F. (Francis) Luis Mora (1874-1940) was born in Montevideo, Uruguay, on July 27, 1874. His father, Domingo Mora (1840- 1911), was a Spanish architectural sculptor. His mother, Laura Gaillard, had two sisters who married into the extended Bacardi rum family of Santiago de Cuba.
In 1880, Domingo Mora accepted a position as Director of Design for the Perth Amboy Terra Cotta Company in New Jersey. Luis Mora was raised in Perth Amboy, receiving his first art instruction from his father. F. Luis entered the Boston Museum School of Fine Art in 1889 when he was fifteen years old. His teachers were Frank Benson and Edmund Tarbell. In 1893, Mora returned to New York to work as an illustrator and to study composition with H. Siddons Mowbray at the Art Students League. In 1900, Mora married Sophia Brown Compton, daughter of the mayor of Perth Amboy, NJ. The couple lived in New York City.
Mora's life-long artistic goal was to adapt the techniques of the Spanish Old Masters into American modern painting. Mora frequently traveled to Spain to visit his extended family, and to paint. He also copied masterpieces by Diego Velázquez in the El Museo del Prado in Madrid. His patrons for Spanish scenes were Alfred Stieglitz and William Macbeth. He had a solo show of Spanish paintings in 1910 at the New York Watercolor Club.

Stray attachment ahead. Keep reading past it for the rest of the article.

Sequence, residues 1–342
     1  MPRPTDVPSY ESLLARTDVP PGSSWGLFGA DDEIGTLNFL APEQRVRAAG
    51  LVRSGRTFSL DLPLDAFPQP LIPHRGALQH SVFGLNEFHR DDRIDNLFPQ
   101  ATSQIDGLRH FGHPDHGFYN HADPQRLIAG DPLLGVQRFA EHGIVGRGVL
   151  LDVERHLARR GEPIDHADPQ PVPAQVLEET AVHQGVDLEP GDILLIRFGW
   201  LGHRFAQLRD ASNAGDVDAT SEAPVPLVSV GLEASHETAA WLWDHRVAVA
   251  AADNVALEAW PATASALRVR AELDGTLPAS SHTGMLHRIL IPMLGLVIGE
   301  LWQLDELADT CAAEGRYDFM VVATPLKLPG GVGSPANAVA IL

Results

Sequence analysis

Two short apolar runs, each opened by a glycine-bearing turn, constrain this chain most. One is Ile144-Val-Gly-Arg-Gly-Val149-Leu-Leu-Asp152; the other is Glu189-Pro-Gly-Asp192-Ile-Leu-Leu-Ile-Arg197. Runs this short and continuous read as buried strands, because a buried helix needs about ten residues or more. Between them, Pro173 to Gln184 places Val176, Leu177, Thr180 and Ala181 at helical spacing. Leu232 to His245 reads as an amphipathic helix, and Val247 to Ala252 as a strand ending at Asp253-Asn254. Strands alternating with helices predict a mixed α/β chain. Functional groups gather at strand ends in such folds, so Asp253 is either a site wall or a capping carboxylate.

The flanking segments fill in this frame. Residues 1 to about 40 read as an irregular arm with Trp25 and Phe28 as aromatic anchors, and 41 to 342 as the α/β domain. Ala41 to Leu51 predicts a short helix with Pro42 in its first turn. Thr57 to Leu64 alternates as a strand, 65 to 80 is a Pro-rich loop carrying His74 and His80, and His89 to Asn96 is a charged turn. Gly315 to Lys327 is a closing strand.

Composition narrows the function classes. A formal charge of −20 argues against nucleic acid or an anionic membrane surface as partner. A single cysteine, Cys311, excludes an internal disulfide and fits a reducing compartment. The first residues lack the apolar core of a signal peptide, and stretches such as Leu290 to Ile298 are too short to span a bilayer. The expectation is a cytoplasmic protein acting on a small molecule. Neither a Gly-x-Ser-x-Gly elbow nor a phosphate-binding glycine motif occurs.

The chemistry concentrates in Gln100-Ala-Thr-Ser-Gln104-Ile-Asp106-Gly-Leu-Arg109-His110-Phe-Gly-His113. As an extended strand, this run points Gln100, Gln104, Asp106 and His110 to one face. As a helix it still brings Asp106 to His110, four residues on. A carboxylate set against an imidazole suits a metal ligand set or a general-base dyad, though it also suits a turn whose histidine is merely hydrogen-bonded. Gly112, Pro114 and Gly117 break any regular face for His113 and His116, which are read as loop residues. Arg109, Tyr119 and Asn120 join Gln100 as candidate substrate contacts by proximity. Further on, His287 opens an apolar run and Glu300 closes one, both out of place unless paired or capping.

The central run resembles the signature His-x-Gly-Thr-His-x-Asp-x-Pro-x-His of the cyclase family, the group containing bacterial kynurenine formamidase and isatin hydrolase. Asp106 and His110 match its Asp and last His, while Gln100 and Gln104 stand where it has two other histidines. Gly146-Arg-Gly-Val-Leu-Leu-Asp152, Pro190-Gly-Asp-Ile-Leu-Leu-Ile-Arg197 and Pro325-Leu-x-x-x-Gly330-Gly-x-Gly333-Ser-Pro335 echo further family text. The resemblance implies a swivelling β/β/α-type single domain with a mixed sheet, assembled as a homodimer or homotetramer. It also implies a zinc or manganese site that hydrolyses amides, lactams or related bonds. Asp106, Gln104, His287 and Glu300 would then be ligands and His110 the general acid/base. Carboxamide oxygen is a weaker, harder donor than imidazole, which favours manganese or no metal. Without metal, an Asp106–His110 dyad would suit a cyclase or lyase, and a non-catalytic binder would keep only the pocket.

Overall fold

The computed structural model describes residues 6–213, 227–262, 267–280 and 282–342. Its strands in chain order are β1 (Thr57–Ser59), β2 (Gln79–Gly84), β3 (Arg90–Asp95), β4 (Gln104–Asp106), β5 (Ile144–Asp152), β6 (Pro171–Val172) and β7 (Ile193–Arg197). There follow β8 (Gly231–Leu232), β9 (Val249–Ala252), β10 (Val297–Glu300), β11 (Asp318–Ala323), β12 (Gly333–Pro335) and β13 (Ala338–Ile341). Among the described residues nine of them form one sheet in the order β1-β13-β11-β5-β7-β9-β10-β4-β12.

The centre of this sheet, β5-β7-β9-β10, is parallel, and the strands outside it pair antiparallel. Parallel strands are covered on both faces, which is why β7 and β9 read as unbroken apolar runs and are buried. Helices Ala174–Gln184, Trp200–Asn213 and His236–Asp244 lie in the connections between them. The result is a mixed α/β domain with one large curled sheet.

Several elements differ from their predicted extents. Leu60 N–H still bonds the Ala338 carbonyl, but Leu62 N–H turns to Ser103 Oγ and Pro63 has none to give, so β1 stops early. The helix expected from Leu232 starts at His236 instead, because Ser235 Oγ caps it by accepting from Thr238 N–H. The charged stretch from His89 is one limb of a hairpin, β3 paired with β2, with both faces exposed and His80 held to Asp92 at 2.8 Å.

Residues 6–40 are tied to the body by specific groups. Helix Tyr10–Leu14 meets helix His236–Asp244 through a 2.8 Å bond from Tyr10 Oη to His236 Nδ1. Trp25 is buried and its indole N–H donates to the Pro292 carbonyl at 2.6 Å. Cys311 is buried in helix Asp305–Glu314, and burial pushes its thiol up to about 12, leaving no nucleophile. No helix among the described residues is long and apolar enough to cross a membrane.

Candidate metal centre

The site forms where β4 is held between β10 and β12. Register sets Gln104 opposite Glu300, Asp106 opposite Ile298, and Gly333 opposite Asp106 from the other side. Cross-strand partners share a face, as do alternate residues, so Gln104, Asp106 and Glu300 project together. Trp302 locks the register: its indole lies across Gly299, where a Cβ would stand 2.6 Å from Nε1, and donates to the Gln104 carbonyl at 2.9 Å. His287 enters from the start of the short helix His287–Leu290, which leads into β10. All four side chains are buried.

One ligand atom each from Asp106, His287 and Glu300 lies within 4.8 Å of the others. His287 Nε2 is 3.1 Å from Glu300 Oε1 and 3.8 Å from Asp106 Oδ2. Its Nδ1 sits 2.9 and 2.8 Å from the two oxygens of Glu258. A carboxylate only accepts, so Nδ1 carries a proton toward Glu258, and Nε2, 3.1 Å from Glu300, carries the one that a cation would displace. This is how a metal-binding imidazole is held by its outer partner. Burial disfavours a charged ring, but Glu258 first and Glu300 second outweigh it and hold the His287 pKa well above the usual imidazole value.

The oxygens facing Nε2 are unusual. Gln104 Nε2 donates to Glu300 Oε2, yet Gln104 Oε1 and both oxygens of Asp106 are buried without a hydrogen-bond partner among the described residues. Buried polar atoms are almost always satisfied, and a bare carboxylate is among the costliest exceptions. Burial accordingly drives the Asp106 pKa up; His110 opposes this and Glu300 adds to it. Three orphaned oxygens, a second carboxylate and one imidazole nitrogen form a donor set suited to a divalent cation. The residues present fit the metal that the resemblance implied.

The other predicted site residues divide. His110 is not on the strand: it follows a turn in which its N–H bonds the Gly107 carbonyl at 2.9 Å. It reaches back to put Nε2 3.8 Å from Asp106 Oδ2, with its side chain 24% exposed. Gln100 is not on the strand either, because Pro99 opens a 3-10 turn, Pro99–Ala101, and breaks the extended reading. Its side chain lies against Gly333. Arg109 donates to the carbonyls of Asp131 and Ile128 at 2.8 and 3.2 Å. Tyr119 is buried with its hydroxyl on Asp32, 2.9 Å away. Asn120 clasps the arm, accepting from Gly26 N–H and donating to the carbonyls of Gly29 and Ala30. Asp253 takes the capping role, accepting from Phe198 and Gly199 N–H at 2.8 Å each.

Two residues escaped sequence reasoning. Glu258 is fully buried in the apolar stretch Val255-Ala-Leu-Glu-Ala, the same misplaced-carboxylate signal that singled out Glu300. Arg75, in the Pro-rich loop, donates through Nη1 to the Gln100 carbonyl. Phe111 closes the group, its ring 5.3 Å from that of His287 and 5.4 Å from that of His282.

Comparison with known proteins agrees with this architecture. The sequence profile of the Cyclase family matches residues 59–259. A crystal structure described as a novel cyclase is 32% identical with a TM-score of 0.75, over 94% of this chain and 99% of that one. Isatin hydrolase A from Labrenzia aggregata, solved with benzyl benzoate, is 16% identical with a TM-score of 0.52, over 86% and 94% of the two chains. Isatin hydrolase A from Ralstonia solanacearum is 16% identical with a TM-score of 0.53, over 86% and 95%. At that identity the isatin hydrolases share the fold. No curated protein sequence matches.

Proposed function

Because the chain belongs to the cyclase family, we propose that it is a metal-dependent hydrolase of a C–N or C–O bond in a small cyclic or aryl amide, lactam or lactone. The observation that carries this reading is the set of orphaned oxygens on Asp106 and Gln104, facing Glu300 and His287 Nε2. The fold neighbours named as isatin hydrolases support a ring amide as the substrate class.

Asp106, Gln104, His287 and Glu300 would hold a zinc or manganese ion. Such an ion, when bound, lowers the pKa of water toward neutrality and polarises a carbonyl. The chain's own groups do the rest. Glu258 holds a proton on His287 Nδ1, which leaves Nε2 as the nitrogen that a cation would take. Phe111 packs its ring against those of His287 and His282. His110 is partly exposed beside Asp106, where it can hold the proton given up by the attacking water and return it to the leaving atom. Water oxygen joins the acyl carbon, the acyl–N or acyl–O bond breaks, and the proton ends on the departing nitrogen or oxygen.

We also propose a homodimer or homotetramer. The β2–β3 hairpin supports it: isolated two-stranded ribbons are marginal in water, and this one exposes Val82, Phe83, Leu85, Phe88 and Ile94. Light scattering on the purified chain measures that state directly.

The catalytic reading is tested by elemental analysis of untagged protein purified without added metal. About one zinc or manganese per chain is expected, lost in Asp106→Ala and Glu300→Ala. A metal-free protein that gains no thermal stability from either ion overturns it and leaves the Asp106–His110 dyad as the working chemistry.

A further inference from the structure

In 1904, Mora was elected an Associate at the National Academy of Design and became a full member in 1906. He was the first Hispanic to be elected to the NAD, and he became an exhibition jury member in 1907. Mora was also a member of The National Arts Club, The Art Students League, The Salmagundi Club, The Pen and Brush Club, The Architectural League, The American Watercolor Society, and many other art societies. Mora won three medals at National Academy competitions, and he also won medals at the St. Louis World's Fair Exhibition in 1904 and at the Panama-American Exhibition in San Francisco in 1915.